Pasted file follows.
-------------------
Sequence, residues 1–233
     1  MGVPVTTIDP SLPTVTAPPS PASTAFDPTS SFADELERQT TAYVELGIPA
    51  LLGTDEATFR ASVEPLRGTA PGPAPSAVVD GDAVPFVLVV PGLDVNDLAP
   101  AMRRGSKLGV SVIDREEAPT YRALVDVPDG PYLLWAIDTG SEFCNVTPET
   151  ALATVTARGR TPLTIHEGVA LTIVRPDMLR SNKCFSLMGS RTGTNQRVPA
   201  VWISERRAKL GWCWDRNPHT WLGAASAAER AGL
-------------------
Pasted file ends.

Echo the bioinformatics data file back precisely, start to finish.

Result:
Sequence, residues 1–233
     1  MGVPVTTIDP SLPTVTAPPS PASTAFDPTS SFADELERQT TAYVELGIPA
    51  LLGTDEATFR ASVEPLRGTA PGPAPSAVVD GDAVPFVLVV PGLDVNDLAP
   101  AMRRGSKLGV SVIDREEAPT YRALVDVPDG PYLLWAIDTG SEFCNVTPET
   151  ALATVTARGR TPLTIHEGVA LTIVRPDMLR SNKCFSLMGS RTGTNQRVPA
   201  VWISERRAKL GWCWDRNPHT WLGAASAAER AGL